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20 March 2008 Edition

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Matt Treacy

Pivotal moves in Croke Park

WELL, now we can all get back to hating Vincent’s and they can get back to telling us how superior they are to everyone else! Seriously, though, I doubt that there were any GAA people in Dublin who were not happy to see them win last Monday. Okay, that’s probably an exaggeration.
In the first half they looked as though they would do to Nemo what they had done to Portlaoise and Crossmaglen but, in fairness to Nemo, they have been in that position before and they came out a different team in the second half. Vincent’s ought to have been further ahead at the break than six points and for a long time it looked as though they might live to regret the missed chances.
Nemo established superiority in the middle of the field and patiently set about breaking down the Vincent’s defence. Twice they brought the margin to one but on each occasion Vinnie’s raised the siege and Mossy Quinn was vital in both retaining possession and kicking the scores that kept them ahead and left Nemo chasing a goal in the last ten minutes. Vincent’s were cute enough at that stage to prevent any movements that might expose the net and the frees conceded were never going to be enough. Indeed, Masters made a strange decision to go for a point at the death when it must have been clear that time was up (although he may have been trying to drop the ball into the square).
Those who place great weight on tradition will point to Vincent’s as an example of what they mean.
They were possibly lucky to win the Dublin final but it is also unlikely that their near conquerors, Bridget’s, would have gone as far. But once Vincent’s had bridged the long gap between Dublin titles they were in familiar territory. Mickey Whelan had won the All-Ireland with them in 1976 and there was a wealth of experience on tap around Marino from the likes of Heffo and Keaveney and O’Driscoll.  And that, in essence, is tradition: distilled experience.
Special mention must go to Pat Kelly who played despite losing his father on the morning of the match. His family insisted that he play and he did not let them down.

THE hurling final was eagerly awaited, not least for the chance to see two legends of the game. One, Brian Whelehan of Birr, was bidding for his fifth All-Ireland medal, while the other, Joe Canning of Portumna, was, incredibly at the age of 19, chasing his second to go along with All-Ireland minor and under-21s.
It was a day that could not have been more different for the two men. Whelehan is unlikely to grace Croke Park again and he was sadly sent off in the last minute. Indeed, I cannot ever recall seeing him being sent off previously although that might be sentiment. Still, when the memory of last Sunday fades, he will be recalled as one of the genuine legends of the game – the only hurler of the last 30 years to have been selected for the Team of the Millennium.
If there is a team of this millennium you would probably only get short odds about the chances of Joe Canning being on it. And he has not even played senior inter-county championship for Galway yet. Coming after his brilliant performances in last year’s All-Ireland under-21 championship and recently with Limerick IT (for whom he scored 1-16 when on the losing side in the Fitzgibbon Cup final), hurling followers in all counties were eager to see him on the national stage.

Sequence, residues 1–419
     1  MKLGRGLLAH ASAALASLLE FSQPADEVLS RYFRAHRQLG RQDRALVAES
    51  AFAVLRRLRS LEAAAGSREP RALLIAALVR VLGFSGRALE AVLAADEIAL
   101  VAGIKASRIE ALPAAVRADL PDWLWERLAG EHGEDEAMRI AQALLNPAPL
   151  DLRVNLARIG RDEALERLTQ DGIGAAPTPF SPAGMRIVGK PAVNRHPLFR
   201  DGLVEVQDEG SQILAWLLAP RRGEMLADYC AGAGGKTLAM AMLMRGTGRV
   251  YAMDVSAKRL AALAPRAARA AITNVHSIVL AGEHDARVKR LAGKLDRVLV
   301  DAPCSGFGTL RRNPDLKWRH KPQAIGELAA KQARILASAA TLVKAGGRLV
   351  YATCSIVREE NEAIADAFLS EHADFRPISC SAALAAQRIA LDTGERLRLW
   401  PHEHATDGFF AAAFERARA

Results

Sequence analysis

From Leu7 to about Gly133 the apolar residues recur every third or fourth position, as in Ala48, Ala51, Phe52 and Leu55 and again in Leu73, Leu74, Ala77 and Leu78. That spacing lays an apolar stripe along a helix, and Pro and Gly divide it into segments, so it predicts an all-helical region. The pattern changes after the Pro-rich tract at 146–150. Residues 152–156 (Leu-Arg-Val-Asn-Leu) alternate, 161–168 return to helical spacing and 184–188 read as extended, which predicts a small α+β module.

And he did not disappoint. Although quieter than normal in the scoring stakes, posting a mere ten points, Canning was pivotal to the Portumna victory. When not creating chances inside he roamed far afield, winning possession and setting up attacks, although his most memorable contribution was a sublime sideline cut sent over the bar from about 60 yards out on the Hogan Stand side.
It is a huge burden to place on a young chap but if Galway are to win a senior All-Ireland in the next four or five years, as many believe, then Canning is sure to be central to it all.
The match itself was pretty one-sided. Portumna had been short-priced favourites since the exit of Ballyhale Shamrocks and were only value for the big hitters on the day at 1/3 and shorter. A detached view of the two sides’ progress to the final would have indicated that this was about right and had it not been for Birr’s two early goals the match would have been beyond reach at half-time. But even at that, once Portumna went in four points to the good, you felt that only a miracle could save the Offaly men and miracles don’t happen that often in hurling. The question now is whether there is a club team in the country good enough to beat them next year.

IN the cloisters of Croke Park, affairs other than football and hurling were being discussed.
On Friday the ‘Of One Belief’ group, opposed to the awarding of grants to inter-county players, had a hearing before the Disputes Resolution Authority. It resembled more a courtroom rather than a sports meeting and neither side managed to convince the other of the validity of the constitutional issues at stake.
On Monday, Central Council approved the grants scheme as agreed in December and so the matter will go to Congress next month, where opponents will be hoping to convince sufficient delegates that the scheme breaches Rule 11. It promises to be one of the more pivotal debates of recent years and unlike opening Croke Park is sure to be far closer and with a good chance that it may well go against Central Council. If that is the case then we could be in for a very interesting and possibly acrimonious couple of months leading to the championship.

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